I feel sorry for the “snowbirds” who leave Florida when it’s really starting to heat up. These are the people who go back “up North” after the Easter/Passover holidays and don’t return until around Thanksgiving. I think they are missing some of the best things that Florida has to offer during the summer.
My wife, Meryl, always describes South Florida summers as “oppressive.” Nevertheless, we adjust to the heat and humidity by going for our early morning walks even before sunrise. If we’re lucky, we’ll begin when it’s only around 75 degrees but within the hour, you can feel the temperature rising. When you finally return home and feel that comforting blast of air conditioning, you experience a sense of relief!
On our walks during the month of May, we began to see the beginning of nature’s finest color display. The frangipani trees go from bare antler-like branches to a few terminal yellow flowers and eventually become full of bright yellow and white blooms. If you’re lucky, the ground beneath them is like a colorful carpet of fallen blooms especially after a heavy rain.
But the best demonstration of color is yet to come! We’re now just getting the early blooming of the king of flowering trees, Delonix regia, known here in Florida as the Royal Poinciana. When my kids were young, I can even remember driving them around just so that we could find the best and brightest example of this magnificent tree.
The Royal Poinciana begins its show with just a few buds opening early in mid-May on the ends of some of the branches. Within a month the tree is covered with large flowers reaching toward the bright blue sky above.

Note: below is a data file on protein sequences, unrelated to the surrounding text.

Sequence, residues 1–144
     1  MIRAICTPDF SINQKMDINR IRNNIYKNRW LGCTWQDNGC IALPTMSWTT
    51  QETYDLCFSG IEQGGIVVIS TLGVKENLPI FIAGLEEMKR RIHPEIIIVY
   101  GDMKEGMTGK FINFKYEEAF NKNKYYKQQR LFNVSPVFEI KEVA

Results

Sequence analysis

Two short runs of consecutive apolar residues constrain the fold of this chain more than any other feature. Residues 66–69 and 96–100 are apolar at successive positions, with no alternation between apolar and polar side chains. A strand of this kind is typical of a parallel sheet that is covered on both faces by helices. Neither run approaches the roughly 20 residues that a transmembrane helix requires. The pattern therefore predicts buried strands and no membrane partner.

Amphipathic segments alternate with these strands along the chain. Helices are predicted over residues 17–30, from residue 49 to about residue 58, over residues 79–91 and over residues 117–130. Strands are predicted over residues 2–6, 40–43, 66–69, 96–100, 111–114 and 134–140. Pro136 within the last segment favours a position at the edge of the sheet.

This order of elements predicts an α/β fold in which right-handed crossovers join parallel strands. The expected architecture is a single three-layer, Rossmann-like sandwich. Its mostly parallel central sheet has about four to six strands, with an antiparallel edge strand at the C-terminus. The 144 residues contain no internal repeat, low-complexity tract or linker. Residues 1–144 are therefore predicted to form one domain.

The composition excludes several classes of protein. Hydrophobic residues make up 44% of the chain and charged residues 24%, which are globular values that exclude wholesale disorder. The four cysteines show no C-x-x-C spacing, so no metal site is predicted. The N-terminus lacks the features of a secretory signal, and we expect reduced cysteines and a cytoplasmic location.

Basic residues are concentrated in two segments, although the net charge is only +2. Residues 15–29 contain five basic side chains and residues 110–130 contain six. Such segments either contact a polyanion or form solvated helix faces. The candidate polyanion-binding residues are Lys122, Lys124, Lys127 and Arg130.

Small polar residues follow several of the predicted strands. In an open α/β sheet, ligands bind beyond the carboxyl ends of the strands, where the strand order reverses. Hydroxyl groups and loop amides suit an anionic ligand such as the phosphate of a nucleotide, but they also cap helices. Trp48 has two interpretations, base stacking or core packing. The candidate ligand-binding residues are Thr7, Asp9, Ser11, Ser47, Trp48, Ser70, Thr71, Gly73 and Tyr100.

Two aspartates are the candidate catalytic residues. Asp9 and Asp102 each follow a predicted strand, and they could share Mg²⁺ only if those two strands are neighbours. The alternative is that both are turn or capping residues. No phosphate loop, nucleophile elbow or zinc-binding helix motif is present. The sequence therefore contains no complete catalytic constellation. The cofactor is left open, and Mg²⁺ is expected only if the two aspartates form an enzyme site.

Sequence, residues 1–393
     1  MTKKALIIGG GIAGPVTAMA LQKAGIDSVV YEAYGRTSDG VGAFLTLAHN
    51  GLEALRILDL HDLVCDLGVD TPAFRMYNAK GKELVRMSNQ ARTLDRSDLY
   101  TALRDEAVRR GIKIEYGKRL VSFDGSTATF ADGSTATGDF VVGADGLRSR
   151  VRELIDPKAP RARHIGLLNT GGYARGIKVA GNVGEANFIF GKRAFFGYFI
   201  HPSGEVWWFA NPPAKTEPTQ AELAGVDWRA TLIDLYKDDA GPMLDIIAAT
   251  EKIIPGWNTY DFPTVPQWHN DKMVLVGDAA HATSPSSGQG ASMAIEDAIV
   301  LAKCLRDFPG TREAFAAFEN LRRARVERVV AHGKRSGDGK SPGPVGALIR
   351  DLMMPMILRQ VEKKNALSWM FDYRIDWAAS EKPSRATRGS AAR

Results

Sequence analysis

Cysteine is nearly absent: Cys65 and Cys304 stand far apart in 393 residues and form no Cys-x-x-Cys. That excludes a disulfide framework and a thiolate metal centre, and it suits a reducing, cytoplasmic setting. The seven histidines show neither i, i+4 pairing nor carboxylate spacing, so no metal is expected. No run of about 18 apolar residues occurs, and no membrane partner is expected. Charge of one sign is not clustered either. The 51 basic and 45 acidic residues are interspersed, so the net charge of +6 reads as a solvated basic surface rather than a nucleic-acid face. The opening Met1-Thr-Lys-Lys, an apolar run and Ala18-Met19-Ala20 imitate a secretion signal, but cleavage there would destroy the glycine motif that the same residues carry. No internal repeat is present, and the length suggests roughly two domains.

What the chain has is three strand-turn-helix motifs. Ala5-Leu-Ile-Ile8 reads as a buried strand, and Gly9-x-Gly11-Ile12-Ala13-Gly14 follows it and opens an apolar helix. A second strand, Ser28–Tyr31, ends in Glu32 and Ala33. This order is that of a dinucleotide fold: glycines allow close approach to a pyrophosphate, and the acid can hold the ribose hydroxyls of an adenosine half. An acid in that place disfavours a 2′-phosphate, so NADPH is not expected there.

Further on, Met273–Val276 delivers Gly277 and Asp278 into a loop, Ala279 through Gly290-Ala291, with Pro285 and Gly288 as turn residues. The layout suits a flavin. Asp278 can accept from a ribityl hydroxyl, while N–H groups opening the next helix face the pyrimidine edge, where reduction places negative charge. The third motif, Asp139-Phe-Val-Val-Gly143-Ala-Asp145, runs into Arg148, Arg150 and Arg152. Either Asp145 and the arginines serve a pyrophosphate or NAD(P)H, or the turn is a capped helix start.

In the past, I can remember arguments about whether the flowers are red-orange or orange-red, as if we’re trying to match the color with the names of the Crayola crayons from childhood. In reality, the shades of red and orange do vary from one tree to another. Supposedly due to the soil conditions, the color of the large flowers is indisputably brilliant!
The Royal Poinciana originally comes from Madagascar, the place where many plant and animal species developed in isolation ever since the island separated from the African continent. It is popular as a flowering shade tree and it is easily cultivated throughout warm climates. It goes by many different names, all attesting to its bright coloration.
In Australia it is known as the flame tree; in other English-speaking countries it is known as the flamboyant tree or flame of the forest tree. In India and Pakistan, it is known as the peacock flower tree.
Is it red-orange or orange-red?
Even after living in Florida for more than 40 years, I still get excited at the end of May when just a few trees are showing their early bloom. When in past years, my wife and I have been traveling during the month of June, I felt bad that I would miss out on the Royal Poinciana bloom.
It’s definitely worth traveling around South Florida to see these amazing specimens. It makes staying here in the summer an exciting visual experience.
2 thoughts on “The Colorful Florida Summer”
I lived in Las Vegas for 40 years. Summer temperatures could go up to 118 degrees. Granted, it’s a “dry heat” but it’s still like living in an oven. Even with the heat and humidity here summers are mild in comparison. Those who stay are offered a plethora of dining spots which offer summer specials. We get to see our lakes filled again.
The hurricanes are no fun, for sure, but their fury is incredible to behold.
I am constantly amazed by your insatiable appetite for unique experiences, your ability to express eloquently your appreciation of the little things of life and how your memory retains such finite detail. Thanks for your Rx Blog.